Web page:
A naturalized American citizen arrested on charges that he lobbied illegally on the issue of the disputed region of Kashmir on behalf of Pakistan’s Inter Services Intelligence Directorate (ISI), Syed Ghulam Nabi Fai, was freed on bail Tuesday (CNN, Dawn, Reuters). During a hearing Tuesday, Fai’s lawyers admitted that their client had taken money from the ISI, but asserted that he had always maintained his independence from the organization and Pakistan’s government, saying that, "[Fai] had always raised the voice for the cause of Kashmiris" (ET). The Guardian reports that ongoing tensions between U.S. and Pakistani intelligence agencies are hurting the flood relief operations of aid organizations hamstrung by visa restrictions and increased scrutiny of foreigners in the country (Guardian, ET). And Omar Warraich notes that in the year since Pakistan suffered debilitating flooding, child labor there has surged (Independent).
The nominee to be the next U.S. Chairman of the Joint Chiefs of Staff, Gen. Martin Dempsey, vowed at his confirmation hearing Tuesday to push Pakistan to tackle extremists within the country’s borders while also promising to work with Pakistan to eliminate terrorist safe havens (AFP). Also Tuesday, Republicans in the House of Representatives put forward a bill that would limit the president’s authority to provide aid to Pakistan, and require certification from the U.S. secretary of state of progress in Pakistan’s fight against militants and in the investigation into Osama bin Laden’s presence in the country (AP). The Post reports that the combined toll of drone strikes and the killing of bin Laden in May have driven al-Qaeda’s core leadership "to the brink of collapse" (Post). And Dawn reveals that in the 1970s, U.S. diplomats secretly sought to block access to materials that would help Pakistan build nuclear weapons (Dawn).
At least 12 more people have been killed in ongoing violence in Karachi, as Sindh information minister Sharjeel Inam Memon announced a "peace campaign" in the city involving the government, NGO’s, political parties, and "celebrities and national heroes" (Dawn, DT, ET, Dawn, ET). In response to the violence, Pakistan’s government will reportedly set up an "inter-provincial response force" for emergency situations (Dawn). Also in Karachi, a Joint Investigating Team (JIT) report has concluded that the paramilitary Rangers accused of killing teenager Sarfaraz Shah should be tried for murder, rather than on terrorism charges (ET). And Pakistan’s army announced the successful completion of an operation to clear militants from South Waziristan’s Janata Valley, while AFP reports that operations in Kurram agency have displaced as many as 100,000 people (ET, AFP).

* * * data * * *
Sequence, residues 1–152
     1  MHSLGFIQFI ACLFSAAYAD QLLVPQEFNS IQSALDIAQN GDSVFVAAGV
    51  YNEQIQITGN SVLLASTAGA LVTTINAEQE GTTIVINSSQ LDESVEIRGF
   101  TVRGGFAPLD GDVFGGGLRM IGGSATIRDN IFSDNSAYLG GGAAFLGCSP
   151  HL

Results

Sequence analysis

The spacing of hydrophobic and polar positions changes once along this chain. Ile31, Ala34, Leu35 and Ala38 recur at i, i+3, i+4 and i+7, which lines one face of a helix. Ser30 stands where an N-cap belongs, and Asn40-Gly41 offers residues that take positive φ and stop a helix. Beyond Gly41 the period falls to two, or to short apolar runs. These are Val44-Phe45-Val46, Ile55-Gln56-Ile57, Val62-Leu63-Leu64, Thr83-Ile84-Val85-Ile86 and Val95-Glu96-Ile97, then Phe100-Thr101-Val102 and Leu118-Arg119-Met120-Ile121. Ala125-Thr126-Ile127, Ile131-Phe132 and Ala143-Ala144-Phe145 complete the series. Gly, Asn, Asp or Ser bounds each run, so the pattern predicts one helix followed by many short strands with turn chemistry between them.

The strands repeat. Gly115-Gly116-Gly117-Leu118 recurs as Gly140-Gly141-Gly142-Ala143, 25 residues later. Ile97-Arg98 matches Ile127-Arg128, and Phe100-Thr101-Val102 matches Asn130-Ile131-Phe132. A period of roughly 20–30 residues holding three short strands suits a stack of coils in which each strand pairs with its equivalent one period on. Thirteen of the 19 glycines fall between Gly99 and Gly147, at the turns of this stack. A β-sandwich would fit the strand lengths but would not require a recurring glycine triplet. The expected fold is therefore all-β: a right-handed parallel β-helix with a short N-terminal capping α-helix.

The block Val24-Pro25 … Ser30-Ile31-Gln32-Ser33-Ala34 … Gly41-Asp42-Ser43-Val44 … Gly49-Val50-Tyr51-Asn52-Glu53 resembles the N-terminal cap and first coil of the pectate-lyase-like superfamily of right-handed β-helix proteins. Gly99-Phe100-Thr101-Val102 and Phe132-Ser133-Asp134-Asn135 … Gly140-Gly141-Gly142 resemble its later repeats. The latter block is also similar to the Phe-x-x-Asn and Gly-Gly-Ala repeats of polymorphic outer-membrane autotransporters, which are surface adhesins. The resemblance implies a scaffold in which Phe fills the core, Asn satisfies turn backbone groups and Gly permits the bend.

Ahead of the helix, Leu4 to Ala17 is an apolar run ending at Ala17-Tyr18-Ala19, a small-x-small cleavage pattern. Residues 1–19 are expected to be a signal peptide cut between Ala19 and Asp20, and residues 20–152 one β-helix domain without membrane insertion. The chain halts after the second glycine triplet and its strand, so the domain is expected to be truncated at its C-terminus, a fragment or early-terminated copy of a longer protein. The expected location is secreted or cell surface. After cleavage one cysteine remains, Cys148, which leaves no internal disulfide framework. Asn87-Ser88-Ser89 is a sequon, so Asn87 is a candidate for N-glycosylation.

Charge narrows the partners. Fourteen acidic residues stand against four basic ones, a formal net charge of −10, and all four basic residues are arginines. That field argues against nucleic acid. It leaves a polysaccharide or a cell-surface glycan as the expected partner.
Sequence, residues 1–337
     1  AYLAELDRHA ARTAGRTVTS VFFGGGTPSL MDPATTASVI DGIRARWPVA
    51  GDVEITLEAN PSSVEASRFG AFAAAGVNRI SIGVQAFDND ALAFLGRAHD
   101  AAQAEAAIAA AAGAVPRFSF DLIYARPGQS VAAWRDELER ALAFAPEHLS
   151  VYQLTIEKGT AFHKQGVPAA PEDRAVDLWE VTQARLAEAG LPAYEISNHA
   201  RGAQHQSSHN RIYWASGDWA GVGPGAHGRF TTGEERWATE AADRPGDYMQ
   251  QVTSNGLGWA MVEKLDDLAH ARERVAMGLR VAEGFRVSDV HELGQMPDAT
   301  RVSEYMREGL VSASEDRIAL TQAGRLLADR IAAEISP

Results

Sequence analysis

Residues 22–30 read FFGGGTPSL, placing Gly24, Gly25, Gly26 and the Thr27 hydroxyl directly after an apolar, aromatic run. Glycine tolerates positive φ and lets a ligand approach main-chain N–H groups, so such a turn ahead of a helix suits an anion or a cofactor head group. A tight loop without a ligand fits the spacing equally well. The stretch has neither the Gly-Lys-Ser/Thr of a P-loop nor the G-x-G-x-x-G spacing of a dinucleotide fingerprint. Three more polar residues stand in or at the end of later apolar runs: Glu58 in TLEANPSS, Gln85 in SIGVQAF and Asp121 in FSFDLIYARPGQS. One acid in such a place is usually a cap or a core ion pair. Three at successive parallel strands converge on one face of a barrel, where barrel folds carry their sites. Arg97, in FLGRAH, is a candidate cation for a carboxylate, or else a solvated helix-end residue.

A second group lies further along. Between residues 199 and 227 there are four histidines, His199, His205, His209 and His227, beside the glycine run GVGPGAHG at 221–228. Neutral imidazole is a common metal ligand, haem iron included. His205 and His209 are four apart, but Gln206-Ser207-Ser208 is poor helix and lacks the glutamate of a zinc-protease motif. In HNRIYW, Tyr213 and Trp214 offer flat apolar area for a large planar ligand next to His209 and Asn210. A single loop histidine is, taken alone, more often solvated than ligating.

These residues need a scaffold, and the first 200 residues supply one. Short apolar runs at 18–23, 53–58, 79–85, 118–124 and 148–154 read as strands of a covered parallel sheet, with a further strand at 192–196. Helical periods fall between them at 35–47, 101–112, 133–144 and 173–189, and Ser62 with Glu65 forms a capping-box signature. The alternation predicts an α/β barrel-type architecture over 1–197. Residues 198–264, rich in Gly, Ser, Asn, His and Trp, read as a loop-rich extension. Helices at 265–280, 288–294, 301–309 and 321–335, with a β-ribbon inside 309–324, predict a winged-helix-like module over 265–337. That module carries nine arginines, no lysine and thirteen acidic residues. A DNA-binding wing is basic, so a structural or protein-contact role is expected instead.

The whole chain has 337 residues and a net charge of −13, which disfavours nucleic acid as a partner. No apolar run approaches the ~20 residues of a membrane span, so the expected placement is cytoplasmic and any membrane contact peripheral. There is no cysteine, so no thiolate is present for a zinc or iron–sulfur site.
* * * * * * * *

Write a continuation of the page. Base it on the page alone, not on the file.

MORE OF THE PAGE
Finally, police have detained a Faisalabad man who has admitted to shooting dead six of his daughters in front of his wife, because he believed two of the girls were in secret relationships with boys (ET).
Pakistani foreign minister Hina Rabbani Khar met with her Indian counterpart SM Krishna Wednesday, telling reporters afterwards of the opening of a "new era" in relations between the two countries (Reuters, AFP, DT, WSJ, AP, ET, BBC). However, according to an Indian government source, Khar’s meeting with separatists from Indian-administered Kashmir "soured the atmosphere" before talks had even begun (AFP).
The current No. 1 iTunes jazz album comes not from an American or British group, but from a collection of master Pakistani musicians known as the "Sachal Orchestra" (Post). The album, "Sachal Jazz: Interpretations of Jazz Standards & Bossa Nova," features re-imaginings of jazz classics, including Dave Brubeck’s "Take Five."